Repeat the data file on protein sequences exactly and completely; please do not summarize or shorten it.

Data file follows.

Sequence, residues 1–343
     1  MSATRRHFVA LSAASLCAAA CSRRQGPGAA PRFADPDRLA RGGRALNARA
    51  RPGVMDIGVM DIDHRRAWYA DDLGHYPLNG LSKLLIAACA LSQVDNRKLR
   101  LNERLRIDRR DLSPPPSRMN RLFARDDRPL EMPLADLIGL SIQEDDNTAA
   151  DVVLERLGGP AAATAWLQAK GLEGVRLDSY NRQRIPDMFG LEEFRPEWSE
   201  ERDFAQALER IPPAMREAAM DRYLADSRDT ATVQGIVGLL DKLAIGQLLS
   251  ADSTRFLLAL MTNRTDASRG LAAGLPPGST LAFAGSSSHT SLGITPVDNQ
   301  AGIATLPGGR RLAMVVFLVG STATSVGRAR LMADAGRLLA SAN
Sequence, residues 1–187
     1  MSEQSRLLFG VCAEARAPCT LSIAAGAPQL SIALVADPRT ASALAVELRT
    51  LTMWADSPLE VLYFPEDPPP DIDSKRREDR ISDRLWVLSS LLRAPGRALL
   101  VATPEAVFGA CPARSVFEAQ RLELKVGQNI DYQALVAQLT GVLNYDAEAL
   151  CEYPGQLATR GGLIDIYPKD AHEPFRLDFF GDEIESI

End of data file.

Sequence, residues 1–343
     1  MSATRRHFVA LSAASLCAAA CSRRQGPGAA PRFADPDRLA RGGRALNARA
    51  RPGVMDIGVM DIDHRRAWYA DDLGHYPLNG LSKLLIAACA LSQVDNRKLR
   101  LNERLRIDRR DLSPPPSRMN RLFARDDRPL EMPLADLIGL SIQEDDNTAA
   151  DVVLERLGGP AAATAWLQAK GLEGVRLDSY NRQRIPDMFG LEEFRPEWSE
   201  ERDFAQALER IPPAMREAAM DRYLADSRDT ATVQGIVGLL DKLAIGQLLS
   251  ADSTRFLLAL MTNRTDASRG LAAGLPPGST LAFAGSSSHT SLGITPVDNQ
   301  AGIATLPGGR RLAMVVFLVG STATSVGRAR LMADAGRLLA SAN
Sequence, residues 1–187
     1  MSEQSRLLFG VCAEARAPCT LSIAAGAPQL SIALVADPRT ASALAVELRT
    51  LTMWADSPLE VLYFPEDPPP DIDSKRREDR ISDRLWVLSS LLRAPGRALL
   101  VATPEAVFGA CPARSVFEAQ RLELKVGQNI DYQALVAQLT GVLNYDAEAL
   151  CEYPGQLATR GGLIDIYPKD AHEPFRLDFF GDEIESI